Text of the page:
3Com Goes Private
The Marlborough MA LAN switching (and a little enterprise VoIP) company agreed to be acquired by Bain Capital and Huawei, the Chinese telecom equipment company for $2.2 billion.
It is not entirely surprising that 3Com would go private after Enterasys went private equity in 2006 and more recently Avaya went private. What is surprising to some industry analysts is that the $2.2 billion offers only a slight premium for the non-Chinese assets of the corporation. Since the company's closing of the H3C acquisition of 49% of the 3Com-Huawei joint venture not already owned in March 2007 for $882 million, (which valued the subsidiary at ($882 million / 0.49 = $1,800 million) the Asian juggernaut that is H3C continued to drive growth for 3Com.
Sadly, investors did not appreciate the growth in that market, realizing that the weaker 3Com outside China did not have the moxi to be able to export that growth (export the technology, yes but growth, no) to other parts of the world. That's because enterprise applications of LAN switching technology in China is a new, large and growing market and 3Com China technology and sales are market leading, whereas in the USA and Europe the more mature and in fact original markets for the technology are way more mature, in their 3rd or 4th generation deployments and fundamentally dominated by Cisco, the enterprise brand that did not have the scars that 3Com brand does.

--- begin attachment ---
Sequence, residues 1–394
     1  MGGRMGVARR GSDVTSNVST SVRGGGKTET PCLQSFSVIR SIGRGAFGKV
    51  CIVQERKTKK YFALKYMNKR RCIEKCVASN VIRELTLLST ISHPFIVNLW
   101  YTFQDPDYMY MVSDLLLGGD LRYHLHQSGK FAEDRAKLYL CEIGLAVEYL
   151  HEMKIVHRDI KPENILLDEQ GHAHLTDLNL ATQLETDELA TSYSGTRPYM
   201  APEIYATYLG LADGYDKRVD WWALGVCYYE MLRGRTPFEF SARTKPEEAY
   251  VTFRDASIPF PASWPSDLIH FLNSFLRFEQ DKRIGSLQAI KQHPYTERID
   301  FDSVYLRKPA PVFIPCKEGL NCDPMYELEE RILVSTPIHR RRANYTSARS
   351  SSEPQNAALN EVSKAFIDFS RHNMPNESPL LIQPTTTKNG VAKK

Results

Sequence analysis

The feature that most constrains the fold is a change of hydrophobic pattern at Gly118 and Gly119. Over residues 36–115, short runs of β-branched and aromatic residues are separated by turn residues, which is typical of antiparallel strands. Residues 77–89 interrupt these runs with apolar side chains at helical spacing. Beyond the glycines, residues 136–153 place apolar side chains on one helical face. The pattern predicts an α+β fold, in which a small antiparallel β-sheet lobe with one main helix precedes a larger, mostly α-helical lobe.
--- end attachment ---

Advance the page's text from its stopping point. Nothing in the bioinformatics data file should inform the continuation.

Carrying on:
3Com still lacks the market discipline to avoid the coupons of the small business market, and suffers from substantial promotional spending which continues to shore up the weak revenue, but does nothing for reducing their cost basis. Even in the just ended 1st Quarter 2008, 3Com lost $18 million, although the company may be at bottom, since they also made an extraordinary payment of $59 million to H3C management.
3Com will continue to take steps to IPO the TippingPoint division.
See my valuation note.
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